Never Too Late to Get Close
From a young age, I knew I was supposed to like Neil Young. The stereo was turned up whenever his signature falsetto voice came on the radio, and before my bar mitzvah I was taken to see the 2006 documentary concert/film Neil Young: Heart of Gold. My initiation was complete with my first Neil concert as a high schooler. My parents loved Neil, and they wanted their kids to love him too. Sure enough, I went off to college and proudly hung a Neil Young poster on my dorm room wall. While Neil shreds on the harmonica like none other, I don’t think I would have come to my affection for him on my own. It is the sweet memories of my childhood and the feeling of closeness with my parents that keep me “rockin’ in the free world.”
This handoff between the generations plays a central role in Parashat Va’et-hannan. Moses, the lingering elder of the generation past, implores the Israelites to hold onto the Torah and mitzvot that he has spent his life attempting to impress upon their parents. He hopes that this new crop will embrace the tenets of Torah and then instill them in future generations. It is in our parashah that Moses recites the Shema, with its famous instruction: “ושננתם לבנך—And you shall teach them to your children” (Deut. 6:7).
As the leader who delivered the commandments and facilitated the miracles, Moses is the obvious person to deliver this appeal. But while Moses certainly stands tall as a leader and lawgiver, on what grounds is he the right person to be offering parental advice? Where are Moses’s children anyway?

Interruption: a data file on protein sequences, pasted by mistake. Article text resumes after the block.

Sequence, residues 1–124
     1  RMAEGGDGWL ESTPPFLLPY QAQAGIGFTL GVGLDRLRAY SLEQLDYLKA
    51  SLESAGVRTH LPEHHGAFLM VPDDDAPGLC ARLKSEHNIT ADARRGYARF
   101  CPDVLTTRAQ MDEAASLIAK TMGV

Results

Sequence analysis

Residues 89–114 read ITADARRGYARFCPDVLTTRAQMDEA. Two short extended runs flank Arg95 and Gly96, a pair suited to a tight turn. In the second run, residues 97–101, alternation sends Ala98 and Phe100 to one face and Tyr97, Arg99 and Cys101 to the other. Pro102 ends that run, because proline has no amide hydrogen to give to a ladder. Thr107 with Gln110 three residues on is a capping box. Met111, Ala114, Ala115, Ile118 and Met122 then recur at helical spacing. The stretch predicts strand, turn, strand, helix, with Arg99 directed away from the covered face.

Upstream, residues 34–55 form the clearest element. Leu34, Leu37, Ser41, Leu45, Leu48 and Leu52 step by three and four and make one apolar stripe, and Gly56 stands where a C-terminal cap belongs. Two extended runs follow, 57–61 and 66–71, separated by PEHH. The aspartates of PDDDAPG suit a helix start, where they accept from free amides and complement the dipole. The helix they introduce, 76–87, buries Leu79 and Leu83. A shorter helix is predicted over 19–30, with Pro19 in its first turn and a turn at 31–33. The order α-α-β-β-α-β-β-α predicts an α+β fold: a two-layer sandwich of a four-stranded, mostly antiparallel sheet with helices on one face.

We briefly meet Moses’s two sons, Gershom and Eliezer, back in Exodus (Exodus 2:22; 18:2–7). The sons seemingly miss the entire ordeal in Egypt and the journey through the sea, as their grandfather Jethro (Yitro) only brings them to reunite with Moses once the Israelites are already at the foot of Mount Sinai. Upon their arrival, Moses ignores his sons completely (though he gives his father-in-law a warm welcome), and then we never hear of them again. Fully engulfed in his role as leader, Moses fails to achieve even a morsel of work-life balance, and his estrangement from his sons makes them strangers in the Jewish narrative. Does Moses even care?
Fast forward to our parashah. Va’et-hannan opens with Moses restating God’s rejection of his plea to enter the Land of Israel, and God’s reminder to empower Joshua as he assumes his leadership role. In contrast with his brother Aaron who bestows the priesthood to his progeny, Moses is succeeded by Joshua, not his own sons. The Book of Legends (Sefer Ha-aggadah) imagines Moses saying to Joshua: “I am jealous of you, Joshua. Would that my children were like you. Would that all of Israel were like you” (Bialik and Ravnitzky 101). Is Moses just gushing over Joshua’s greatness, or might this imagined remark actually carry a sense of loss and regret?
Moses had requested an heir back in Parashat Pineḥas, immediately after the daughters of Zelophehad—Mahlah, Noah, Hoglah, Milcah, and Tirzah—bravely and successfully petitioned their case for inheriting their father’s land before Moses. What prompts Moses’s sudden concern with his own succession? Midrash Tanhuma offers one suggestion: